I don’t usually review or even read much non-fiction but Dolly Alderton unexpectedly invaded my life for three days as I consumed her captivating memoir, one delicious sentence at a time. Everything I Know About Love is is one of those rare books that reassures and inspires, shocks and surprises, whilst making you cry and laugh along the way.
I almost couldn’t bring myself to start this review because Dolly’s writing is so indescribably wonderful, I now feel very inadequate but that in itself goes against the sentiment of her book and her journey to discovering that she is “enough”, so I’ll give it a go. Plus, this isn’t about me or my writing abilities, it’s about spreading the word; Everything I Know About Love should be every millennial woman’s handbook.
The word ‘relatable’ is thrown around liberally when it comes to fictional female protagonists but it’s arguably much easier to resonate with the reader when constructing a character to fit a story. Dolly Alderton successfully takes on a much harder challenge, weaving together her experiences to form a real, relatable narrative that rings true with me and many others.
I had a similar upbringing to Dolly, living in the suburbs of London and attending an all girl’s private school, just five years behind, so it was slightly surreal reliving my youth through her anecdotes. She very accurately accounts the trials and tribulations of navigating relationships through after school MSN conversations or, as fourteen year old Freya would say, ‘convos’ (lolz). It’s no wonder she’s amassed a fandom of millennial women, no other generation will understand the intricate art of speaking to your crush on MSN.
My university years and early twenties were nowhere near as wild as Dolly’s but, regardless of your age or background, you will see yourself in her experiences of love, lust, loss and everything in between. Whether it’s feeling like you’ve lost a best friend to a boyfriend, had an intense online relationship with someone you haven’t met or been on countless disastrous dates, you will have felt the same series of emotions that Dolly so eloquently evokes.
Her chapter on therapy was especially enlightening and incredibly brave of her to write with unbridled honesty. So many people go through therapy not really knowing what they’re doing and if or how it’s working, myself included, so I was very grateful to her for taking me into her sessions – the most private space anyone could be invited in to.
I’m in awe of Dolly, not only as a writer, but as a woman candidly sharing everything she has learnt in her twenties, which is a confusing, directionless decade because, like she says, life could take you down so many different paths that you can become frozen, not knowing which one(s) to pursue.
At the heart of Everything I Know About Love is Dolly’s love for her female friends. She’s lucky to have had a group of close friends around her throughout her twenties and she realises how fortunate she is. If anything, her anecdotes will teach you never to underestimate the power of a good friend. Non-romantic love can be just as satisfying if you stop relying on a boyfriend to fill any emotional gaps and look within yourself instead. Her relationship with her childhood friend, Farly, is an emotional rollercoaster that will prompt you to thank your lucky stars if you have an equivalent or make you wish you had if you don’t.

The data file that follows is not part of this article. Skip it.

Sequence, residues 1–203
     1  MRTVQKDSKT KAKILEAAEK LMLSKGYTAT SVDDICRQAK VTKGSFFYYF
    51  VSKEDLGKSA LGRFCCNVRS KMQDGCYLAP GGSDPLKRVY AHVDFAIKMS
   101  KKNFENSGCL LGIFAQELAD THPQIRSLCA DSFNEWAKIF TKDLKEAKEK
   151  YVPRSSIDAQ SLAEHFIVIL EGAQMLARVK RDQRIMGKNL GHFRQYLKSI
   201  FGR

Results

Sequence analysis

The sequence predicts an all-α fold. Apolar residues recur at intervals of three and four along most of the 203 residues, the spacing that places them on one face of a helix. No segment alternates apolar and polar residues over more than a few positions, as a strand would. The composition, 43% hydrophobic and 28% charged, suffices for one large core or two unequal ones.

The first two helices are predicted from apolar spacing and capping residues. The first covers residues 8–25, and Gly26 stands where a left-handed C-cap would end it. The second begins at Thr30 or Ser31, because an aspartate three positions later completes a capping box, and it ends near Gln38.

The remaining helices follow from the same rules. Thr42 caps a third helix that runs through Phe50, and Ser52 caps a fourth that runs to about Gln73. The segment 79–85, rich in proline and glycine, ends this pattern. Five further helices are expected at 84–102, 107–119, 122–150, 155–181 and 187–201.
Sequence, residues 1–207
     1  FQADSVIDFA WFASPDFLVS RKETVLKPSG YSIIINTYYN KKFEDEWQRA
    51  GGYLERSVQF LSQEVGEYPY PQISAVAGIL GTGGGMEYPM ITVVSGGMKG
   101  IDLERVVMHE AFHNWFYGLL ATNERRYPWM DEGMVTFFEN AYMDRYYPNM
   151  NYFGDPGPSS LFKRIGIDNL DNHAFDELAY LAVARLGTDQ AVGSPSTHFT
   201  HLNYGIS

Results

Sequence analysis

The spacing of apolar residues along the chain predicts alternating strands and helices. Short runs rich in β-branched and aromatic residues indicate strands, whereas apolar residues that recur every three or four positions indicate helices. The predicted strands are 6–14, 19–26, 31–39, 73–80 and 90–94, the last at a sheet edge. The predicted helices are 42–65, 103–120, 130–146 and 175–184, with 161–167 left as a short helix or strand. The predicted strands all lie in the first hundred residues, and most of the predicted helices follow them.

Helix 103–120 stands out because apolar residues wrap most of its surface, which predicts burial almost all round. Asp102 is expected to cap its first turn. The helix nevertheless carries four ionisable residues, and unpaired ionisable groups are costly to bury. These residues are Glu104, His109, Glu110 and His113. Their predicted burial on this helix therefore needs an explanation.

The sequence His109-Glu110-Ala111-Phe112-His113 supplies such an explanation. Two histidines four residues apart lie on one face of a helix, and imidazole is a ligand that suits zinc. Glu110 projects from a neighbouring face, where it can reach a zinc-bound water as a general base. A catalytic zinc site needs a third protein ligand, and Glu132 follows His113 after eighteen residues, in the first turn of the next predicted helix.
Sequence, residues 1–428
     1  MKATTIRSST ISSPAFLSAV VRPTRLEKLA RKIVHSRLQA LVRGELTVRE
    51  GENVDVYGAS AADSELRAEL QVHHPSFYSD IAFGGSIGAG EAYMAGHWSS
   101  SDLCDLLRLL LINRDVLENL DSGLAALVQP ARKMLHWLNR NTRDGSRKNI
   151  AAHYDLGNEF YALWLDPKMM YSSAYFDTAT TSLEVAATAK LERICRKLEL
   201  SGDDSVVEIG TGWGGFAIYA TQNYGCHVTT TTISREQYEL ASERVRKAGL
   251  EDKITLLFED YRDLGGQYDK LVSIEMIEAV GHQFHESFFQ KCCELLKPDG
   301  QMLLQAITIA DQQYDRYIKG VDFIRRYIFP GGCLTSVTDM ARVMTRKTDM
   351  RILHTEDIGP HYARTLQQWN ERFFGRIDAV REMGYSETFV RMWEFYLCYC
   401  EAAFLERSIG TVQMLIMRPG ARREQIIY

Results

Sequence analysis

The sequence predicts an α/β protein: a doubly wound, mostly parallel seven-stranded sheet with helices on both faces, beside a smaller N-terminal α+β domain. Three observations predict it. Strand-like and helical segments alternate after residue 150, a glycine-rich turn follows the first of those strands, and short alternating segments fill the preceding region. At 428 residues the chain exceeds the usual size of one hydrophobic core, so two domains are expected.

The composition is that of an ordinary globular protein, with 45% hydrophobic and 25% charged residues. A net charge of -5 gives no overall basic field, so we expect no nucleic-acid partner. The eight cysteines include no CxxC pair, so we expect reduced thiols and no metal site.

Dolly’s fear of romantic intimacy is palpable. Anyone who’s experienced heartbreak will know how hard it is to allow yourself to fall in love with someone again but, where she might lack in an openness to romantic love, she makes up for in her willingness to put her all into female friendships, which are arguably the most important in your twenties. I’m the opposite to Dolly in the way that I can be an open book to a romantic partner when I trust them but hold myself back from becoming close to a friend. The end of a friendship can be just as, if not more painful than romantic heartbreak and I suffered a lot of rejection from girls during my school years, which put up a barrier between me and my friendships. I’ve since made new friends who I’ve been able to be myself with and who are patient with my slightly detached approach to friendship but Dolly’s commitment to her friends is something to strive for. I also have a sister who is my best friend so I suppose that has made me unconsciously complacent in the knowledge that she will always be there for me.
As you can see, Dolly’s wise words and insightful outlook will make you consider your own relationships and self-analyse. Her antics will stir up a giant, year seven sized rucksack of nostalgia and you’ll feel every emotion there is for Dolly, but also your younger self.
Other than the above, I’m lost for words on turning over the last page of Everything I Know About Love. You really have to read it to understand its importance. More than anything, you will be left feeling like you have a new friend in Dolly, one that will always be in a book on your bedside table ready to offer comforting words during moments of self-doubt.
P.S. Happy Galentine’s Day!